Increasing evidence indicates that inflammatory processes play a crucial role in the etiopathology of epilepsy and seizure disorders. The Toll/IL-1R domain-containing adapter-inducing IFN-β (TRIF) activated several transcriptions leading to the production of pro-inflammatory cytokines in the central nervous system, which suggests a potential role for TRIF in the epileptogenesis of epilepsy. In this study, we investigated the roles of TRIF in human and mice epileptogenic tissues. Western blot and immunohistochemistry assays showed that the expression of TRIF was significantly upregulated in neurons and glial cells in both human epileptic tissues and mouse models, and positively correlated with seizure frequency. TRIF expression positively correlated with high-mobility group box 1 (HMGB1) expression. In TRIF-deficient mice, electroencephalograms displayed a significant decrease in seizure frequency and duration time, while KA induced seizures compared with wild-type (WT) mice. The number and duration time of spontaneous seizures were also decreased in the chronic KA-induced TRIF-deficient mouse models. In TLR4-deficient hippocampal neurons and mouse models, TRIF expression was lower compared with WT mice during HMGB1 and KA stimulation. Meanwhile, in KA-induced TRIF-deficient mouse models, microglia activation was significantly suppressed; pro-inflammatory factors including IL-1β, TNF-α, iNOS, HMGB1 and IFN-β were reduced; and the survival of the neurons in the hippocampus increased compared with WT mice. Our findings suggested that TRIF may be involved in the epileptogenesis of temporal lobe epilepsy, which would make it a potential therapeutic target for the treatment of epilepsy.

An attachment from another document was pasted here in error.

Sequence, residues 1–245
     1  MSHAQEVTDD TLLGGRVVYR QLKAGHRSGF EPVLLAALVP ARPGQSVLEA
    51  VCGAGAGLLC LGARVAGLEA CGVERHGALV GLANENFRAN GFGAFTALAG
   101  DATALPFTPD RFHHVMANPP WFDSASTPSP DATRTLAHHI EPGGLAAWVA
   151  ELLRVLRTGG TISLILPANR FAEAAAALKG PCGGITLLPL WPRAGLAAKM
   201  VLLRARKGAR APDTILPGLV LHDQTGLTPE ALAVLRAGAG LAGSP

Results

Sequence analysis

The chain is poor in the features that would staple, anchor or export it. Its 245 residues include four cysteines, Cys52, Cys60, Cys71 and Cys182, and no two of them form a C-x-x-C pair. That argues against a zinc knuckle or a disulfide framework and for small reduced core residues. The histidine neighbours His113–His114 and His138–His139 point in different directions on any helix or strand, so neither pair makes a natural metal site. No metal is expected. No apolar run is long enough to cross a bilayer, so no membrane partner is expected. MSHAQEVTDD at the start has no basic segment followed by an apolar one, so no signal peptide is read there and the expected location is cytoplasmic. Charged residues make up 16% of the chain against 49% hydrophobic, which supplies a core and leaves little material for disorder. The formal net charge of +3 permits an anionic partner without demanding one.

Keywords: Epileptogenesis; Neuroinflammation; TRIF; Temporal lobe epilepsy; Toll-like receptors.
Copyright © 2017. Published by Elsevier Inc.